Criticisms of his Playing.
Even as a pianist Liszt did not escape violent censure. He was accused of playing classical compositions with exaggerated expression, with too sharp accents, and too much rubato. In particular, like Rubinstein and Paderewski, and all the great pianists that have ever lived, he was censured as being unable to play Beethoven. Schindler, who used to have the words “friend of Beethoven” printed on his visiting cards, declared that Liszt’s performance of Beethoven’s sonatas was “the superlative of all aberrations of taste,” “a crime against the divine art,” and so on. At such stupidities Liszt only smiled, and one day, on meeting Schindler, he exclaimed: “My friend, you are a Philistine and a pedant.”
Criticism of his Compositions.
But it was against his own compositions that the wrath of the unbelievers was chiefly directed. Hans von Bülow, in a sarcastic mood, once wrote an amusing squib against the critics of Liszt. At first, he said, they admitted he was a good all-round pianist, but not a good Beethoven-player. When he practically transformed the piano into an orchestra and played on it transcriptions of symphonies and songs, they began to concede that no fault could be found with his Beethoven-playing, but declared that these new-fangled things would never do. They became reconciled to them, however, when he began to write original pieces for the piano. These, they protested, were simply dreadful, and they warned him against repeating the offense His subsequent compositions for the orchestra gave the critics a chance to contrast them unfavorably with the piano-pieces that had preceded them and which had now become praiseworthy. Finally, it remained for his sacred choral compositions to make the symphonic poem appear acceptable.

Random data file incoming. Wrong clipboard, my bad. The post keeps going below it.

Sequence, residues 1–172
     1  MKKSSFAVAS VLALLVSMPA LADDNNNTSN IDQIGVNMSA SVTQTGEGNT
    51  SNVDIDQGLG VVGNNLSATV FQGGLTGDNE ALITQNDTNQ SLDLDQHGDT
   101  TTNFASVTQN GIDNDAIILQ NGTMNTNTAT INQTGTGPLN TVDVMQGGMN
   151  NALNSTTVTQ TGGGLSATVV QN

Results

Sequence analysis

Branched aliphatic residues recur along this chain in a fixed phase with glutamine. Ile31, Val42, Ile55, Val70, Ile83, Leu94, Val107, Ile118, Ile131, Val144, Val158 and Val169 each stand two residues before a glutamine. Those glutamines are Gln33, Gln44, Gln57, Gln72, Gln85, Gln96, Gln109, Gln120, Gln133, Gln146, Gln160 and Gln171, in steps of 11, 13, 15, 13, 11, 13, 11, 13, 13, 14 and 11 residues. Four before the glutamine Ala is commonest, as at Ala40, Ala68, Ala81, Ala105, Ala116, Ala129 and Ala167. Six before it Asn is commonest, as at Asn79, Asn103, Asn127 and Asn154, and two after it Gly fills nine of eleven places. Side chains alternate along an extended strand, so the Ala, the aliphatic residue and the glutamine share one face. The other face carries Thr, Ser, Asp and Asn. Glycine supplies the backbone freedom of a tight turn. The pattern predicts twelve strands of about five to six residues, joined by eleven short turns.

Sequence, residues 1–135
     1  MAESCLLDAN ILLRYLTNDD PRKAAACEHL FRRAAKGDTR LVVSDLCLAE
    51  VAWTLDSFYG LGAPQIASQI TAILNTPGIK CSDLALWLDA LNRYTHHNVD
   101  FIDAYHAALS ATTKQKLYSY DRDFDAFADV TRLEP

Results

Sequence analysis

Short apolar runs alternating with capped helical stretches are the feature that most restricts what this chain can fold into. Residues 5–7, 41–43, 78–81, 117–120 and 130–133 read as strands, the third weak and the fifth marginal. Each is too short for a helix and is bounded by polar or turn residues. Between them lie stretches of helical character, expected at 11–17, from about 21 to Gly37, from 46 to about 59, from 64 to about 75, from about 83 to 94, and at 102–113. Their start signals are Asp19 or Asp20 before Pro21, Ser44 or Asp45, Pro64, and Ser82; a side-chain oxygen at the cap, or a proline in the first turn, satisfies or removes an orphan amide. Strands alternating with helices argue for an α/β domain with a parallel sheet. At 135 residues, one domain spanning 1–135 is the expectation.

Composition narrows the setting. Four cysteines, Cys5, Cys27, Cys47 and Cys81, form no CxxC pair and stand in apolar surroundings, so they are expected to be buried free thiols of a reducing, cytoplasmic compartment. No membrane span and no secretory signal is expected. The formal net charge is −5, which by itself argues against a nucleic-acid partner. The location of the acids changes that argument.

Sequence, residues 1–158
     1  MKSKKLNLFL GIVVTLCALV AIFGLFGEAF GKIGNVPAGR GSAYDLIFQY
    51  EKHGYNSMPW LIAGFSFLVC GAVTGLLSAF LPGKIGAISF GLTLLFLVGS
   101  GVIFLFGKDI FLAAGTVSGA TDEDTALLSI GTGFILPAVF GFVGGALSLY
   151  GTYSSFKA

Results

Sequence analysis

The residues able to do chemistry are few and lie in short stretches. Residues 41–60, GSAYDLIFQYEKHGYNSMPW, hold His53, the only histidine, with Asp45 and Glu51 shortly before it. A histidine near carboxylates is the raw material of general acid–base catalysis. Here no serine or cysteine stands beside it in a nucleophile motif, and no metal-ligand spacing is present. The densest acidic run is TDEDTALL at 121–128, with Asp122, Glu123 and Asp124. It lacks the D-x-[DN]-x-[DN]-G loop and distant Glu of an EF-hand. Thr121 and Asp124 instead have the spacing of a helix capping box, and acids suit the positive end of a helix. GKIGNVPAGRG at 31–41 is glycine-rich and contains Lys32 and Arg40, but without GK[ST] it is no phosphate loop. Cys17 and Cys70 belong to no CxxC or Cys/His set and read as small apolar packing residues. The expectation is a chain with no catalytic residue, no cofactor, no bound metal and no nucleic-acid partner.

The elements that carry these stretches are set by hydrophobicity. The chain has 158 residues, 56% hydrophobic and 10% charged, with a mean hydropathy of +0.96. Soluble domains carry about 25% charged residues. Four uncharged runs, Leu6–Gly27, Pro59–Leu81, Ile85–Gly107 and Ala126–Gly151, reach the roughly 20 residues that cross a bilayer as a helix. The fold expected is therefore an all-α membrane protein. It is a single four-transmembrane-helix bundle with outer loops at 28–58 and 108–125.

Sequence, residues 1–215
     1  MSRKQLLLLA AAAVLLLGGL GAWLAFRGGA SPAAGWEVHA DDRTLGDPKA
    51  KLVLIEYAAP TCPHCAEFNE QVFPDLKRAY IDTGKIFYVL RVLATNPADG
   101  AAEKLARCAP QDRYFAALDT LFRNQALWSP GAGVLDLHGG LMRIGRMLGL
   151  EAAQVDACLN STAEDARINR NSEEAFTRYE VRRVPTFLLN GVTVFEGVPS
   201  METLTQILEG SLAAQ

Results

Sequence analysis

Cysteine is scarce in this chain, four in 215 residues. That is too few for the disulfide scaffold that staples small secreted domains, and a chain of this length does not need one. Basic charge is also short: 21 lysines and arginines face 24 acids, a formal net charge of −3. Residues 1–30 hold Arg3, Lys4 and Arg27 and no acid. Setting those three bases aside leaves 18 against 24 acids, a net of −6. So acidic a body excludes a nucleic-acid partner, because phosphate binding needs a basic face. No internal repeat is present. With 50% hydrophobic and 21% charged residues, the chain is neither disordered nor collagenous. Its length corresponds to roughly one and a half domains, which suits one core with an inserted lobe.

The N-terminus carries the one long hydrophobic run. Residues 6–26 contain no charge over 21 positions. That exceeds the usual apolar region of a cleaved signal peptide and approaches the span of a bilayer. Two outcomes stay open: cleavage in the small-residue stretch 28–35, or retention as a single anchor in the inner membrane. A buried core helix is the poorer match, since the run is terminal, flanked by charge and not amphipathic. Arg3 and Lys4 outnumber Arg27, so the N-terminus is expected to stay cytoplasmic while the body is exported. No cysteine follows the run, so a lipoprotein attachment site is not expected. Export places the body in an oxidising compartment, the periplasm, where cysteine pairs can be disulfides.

There is a good real of truth in this squib. The process was, however, a slow one, and poor Liszt suffered agonies while it went on. Whatever may be true of eels, composers never get quite used to being skinned alive. Liszt used to say: “I can wait”; but at the same time his letters to various friends contain many passages which reveal his annoyances and sufferings. “How long this critical comedy is to last,” he wrote in 1858, when it had only just begun, “I cannot tell. In any case I have made up my mind to pay no attention to these yells, but to proceed in my path undisturbed.” After a time he got so used to these attacks that he made up his mind to write, as Bach and Schubert did, solely for his own satisfaction and pleasure; and when friendly conductors wanted to produce one of his larger compositions he usually advised them not to, to avoid stirring up more discord.